variations

in

the

values

of

S
L
,

u
T

,

l
T

and

r
e

needs

to

be

more

closely

examined,

and

correlation

for

relating

their

magnitudes

to

engine

geometry

and

operating

conditions

need

to

be

developed
.

The

range

of

validity

of

the

burning

equations

and

their

applicability,

for

example,

to

engines

with

significant

swirl

and

squish

also

needs

to

be

established
.

Finally,

the

experimental

evidence

presented

and

the

proposed

empirical

equations

need

to

be

better

understood

in

terms

of

the

underlying

physical

mechanisms
.

References

1.
C
.

R
.

Ferguson,

“Internal

combustion

engines

applied

thermodynamics”

Wiley,

1985
.

2.
R
.

Stone,

“Introduction

to

internal

combustion

engines”

Macmillan

Press,

1999
.

3.
J
.

B
.

Heywood,

“Internal

combustion

engine

fundamentals”

McGraw

Hill

1988
.

4.
G
.

P
.

Beretta,

M
.

Rashidi,

J
.

C
.

Keck,

"Turbulent

flame

propagation

and

combustion

in

spark

ignition

engines"
.

Combustion

and

flame,

V
52
,

N
3
,

P
217
,

1983
.


5.
M
.

Rashidi,

"The

nature

of

cycle
-
by
-
cycle

variation

in

the

SI

engine

from

high

speed

photographs"
.

Combustion

and

flame
.

V
42
,

P
111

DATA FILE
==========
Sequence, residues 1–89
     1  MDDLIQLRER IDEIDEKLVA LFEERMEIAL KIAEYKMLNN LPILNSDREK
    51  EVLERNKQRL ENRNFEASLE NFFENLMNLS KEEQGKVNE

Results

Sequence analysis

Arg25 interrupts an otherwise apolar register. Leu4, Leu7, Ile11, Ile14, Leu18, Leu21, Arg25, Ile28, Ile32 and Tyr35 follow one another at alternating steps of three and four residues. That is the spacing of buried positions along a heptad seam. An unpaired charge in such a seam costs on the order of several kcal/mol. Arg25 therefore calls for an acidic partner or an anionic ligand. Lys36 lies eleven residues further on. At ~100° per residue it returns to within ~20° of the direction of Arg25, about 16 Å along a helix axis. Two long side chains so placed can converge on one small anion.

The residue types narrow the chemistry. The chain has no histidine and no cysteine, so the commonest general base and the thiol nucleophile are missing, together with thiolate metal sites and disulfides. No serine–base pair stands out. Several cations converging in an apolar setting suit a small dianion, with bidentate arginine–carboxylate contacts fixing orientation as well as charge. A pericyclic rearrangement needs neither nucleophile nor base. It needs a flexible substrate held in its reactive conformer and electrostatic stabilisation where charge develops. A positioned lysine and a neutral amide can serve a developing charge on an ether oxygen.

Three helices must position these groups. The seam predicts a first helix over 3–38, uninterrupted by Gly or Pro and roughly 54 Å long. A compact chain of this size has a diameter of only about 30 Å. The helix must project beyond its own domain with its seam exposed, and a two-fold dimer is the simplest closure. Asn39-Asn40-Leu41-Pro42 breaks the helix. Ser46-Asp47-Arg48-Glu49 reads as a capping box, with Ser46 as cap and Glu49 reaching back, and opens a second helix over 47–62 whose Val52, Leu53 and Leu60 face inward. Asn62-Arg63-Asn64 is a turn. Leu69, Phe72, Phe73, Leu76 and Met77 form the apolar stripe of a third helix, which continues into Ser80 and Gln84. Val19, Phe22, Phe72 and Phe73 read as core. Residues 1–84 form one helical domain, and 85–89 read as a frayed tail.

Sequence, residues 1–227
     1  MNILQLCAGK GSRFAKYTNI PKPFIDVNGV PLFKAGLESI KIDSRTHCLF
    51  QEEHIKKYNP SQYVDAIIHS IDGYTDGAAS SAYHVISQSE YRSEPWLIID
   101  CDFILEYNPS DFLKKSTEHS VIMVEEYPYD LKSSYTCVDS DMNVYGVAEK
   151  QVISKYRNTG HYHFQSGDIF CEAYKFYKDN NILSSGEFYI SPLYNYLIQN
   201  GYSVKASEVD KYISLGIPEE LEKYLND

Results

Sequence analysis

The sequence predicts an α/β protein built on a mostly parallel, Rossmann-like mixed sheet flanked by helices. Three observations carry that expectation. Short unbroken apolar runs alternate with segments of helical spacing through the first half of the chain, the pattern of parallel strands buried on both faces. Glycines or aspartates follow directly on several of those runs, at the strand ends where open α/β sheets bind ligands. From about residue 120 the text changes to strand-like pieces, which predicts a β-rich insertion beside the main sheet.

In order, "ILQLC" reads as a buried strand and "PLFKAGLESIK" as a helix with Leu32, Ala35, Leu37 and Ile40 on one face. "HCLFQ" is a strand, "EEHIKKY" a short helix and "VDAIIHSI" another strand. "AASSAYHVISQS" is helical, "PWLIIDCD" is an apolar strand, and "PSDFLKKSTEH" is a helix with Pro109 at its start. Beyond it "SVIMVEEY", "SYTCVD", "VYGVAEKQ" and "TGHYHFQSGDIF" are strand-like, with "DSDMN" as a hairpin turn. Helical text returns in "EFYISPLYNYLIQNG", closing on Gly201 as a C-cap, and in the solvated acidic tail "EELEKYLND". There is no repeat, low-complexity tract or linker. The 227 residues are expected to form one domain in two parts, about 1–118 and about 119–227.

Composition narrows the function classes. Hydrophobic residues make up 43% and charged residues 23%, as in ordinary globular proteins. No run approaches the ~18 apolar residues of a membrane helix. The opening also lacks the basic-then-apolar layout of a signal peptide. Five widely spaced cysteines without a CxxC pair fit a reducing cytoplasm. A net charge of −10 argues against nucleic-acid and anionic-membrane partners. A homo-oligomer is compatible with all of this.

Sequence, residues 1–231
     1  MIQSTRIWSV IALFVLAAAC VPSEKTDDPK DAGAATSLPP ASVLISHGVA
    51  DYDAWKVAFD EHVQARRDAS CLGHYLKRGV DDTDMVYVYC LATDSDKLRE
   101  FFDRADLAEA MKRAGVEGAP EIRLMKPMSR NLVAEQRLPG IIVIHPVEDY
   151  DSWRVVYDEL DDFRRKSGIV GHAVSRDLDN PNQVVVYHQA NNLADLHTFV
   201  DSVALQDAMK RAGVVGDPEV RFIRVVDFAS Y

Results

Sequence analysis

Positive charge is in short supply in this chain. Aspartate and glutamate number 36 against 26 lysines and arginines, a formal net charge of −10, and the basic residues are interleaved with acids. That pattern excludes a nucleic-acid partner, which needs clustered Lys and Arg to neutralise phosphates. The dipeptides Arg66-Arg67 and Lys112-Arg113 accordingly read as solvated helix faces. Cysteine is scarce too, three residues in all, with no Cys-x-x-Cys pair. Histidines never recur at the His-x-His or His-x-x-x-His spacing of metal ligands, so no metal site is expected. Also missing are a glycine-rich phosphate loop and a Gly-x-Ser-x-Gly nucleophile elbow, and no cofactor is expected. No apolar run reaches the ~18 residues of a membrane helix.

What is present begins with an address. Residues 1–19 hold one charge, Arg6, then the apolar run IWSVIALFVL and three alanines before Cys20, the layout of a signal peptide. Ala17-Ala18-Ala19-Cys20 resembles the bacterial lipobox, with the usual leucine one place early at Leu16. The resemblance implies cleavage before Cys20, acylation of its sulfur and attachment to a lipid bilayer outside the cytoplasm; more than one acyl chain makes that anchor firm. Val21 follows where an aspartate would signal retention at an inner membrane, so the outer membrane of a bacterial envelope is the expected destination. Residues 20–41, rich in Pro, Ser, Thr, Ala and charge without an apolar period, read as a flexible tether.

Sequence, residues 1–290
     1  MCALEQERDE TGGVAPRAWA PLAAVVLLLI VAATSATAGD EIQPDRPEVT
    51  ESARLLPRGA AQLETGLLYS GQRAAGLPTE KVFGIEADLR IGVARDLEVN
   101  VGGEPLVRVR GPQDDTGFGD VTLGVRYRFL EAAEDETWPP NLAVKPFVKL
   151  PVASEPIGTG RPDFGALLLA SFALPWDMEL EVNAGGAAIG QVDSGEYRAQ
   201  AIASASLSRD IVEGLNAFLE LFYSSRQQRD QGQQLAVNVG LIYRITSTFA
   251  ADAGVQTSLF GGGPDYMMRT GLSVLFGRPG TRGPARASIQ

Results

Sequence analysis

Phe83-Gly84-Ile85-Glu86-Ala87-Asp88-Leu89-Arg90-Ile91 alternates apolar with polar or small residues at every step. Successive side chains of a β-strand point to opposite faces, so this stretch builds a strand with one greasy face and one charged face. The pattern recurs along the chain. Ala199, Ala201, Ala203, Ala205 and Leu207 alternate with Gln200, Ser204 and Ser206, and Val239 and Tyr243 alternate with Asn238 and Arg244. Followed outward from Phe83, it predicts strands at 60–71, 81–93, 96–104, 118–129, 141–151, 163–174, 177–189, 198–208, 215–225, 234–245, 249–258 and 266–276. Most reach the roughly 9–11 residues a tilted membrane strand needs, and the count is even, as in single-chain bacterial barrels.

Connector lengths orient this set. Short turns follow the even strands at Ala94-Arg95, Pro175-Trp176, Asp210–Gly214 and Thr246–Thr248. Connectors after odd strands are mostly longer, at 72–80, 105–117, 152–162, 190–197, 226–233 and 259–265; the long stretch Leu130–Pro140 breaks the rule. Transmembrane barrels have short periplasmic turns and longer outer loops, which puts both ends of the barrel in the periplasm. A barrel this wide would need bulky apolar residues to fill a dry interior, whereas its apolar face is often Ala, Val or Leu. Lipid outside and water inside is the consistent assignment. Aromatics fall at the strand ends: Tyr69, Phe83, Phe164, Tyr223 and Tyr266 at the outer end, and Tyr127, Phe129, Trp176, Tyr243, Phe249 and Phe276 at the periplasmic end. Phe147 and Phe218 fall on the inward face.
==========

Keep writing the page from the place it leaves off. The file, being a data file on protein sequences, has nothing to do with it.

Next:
,

1981
.


6.
M
.

Rashidi,

"Calculation

of

equilibrium

composition

in

combustion

products
.
"

Journal

of

applied

thermal

engineering,

V
18
,

No

3
-
4
,

pp
.

103
-
109
,

1998

7.
M
.

Rashidi,

"Measurement

of

flame

velocity

and

entrained

velocity

from

high

speed

photographs

in

the

SI

engine"
.

The

institution

of

mechanical

engineers
.

Proceedings
.

V
194
,

N
21
,

P
231
,

1980
.


8.
M
.

Rashidi,

"The

sensitivity

of

elementary

reactions

for

hydrogen

oxygen

in

a

well

stirred

rector"
.

International

journal

of

hydrogen

energy
.

V
5
,

P
515
,

1980

9.
M
.

Rashidi,

M
.

S
.

Massoudi,

"A

study

of

the

relationship

of

street

level

carbon

monoxide

concentrations

to

traffic

parameters"
.

Journal

of

atmospheric

environment
.

V
14
,

P
27
,

1980

10.
G
.

P
.

Beretta,

M
.

Rashidi,

J
.

C
.

Keck,

"Thermodynamic

analysis

of

turbulent

combustion

in

a

spark

ignition

engine
;

experimental

evidence"
.

Paper

WSS/CI

80
/
20

presented

at

the

spring

meeting

of

the

western

states

section

of

the

combustion

institute
.

April

1980

11.
M
.

Rashidi,

M
.

S
.

Massoudi,

"The

use

of

gas

engines

for

motor

vehicles

in

oil

exporting

countries"
.

SAE

paper

770145
,

1977
.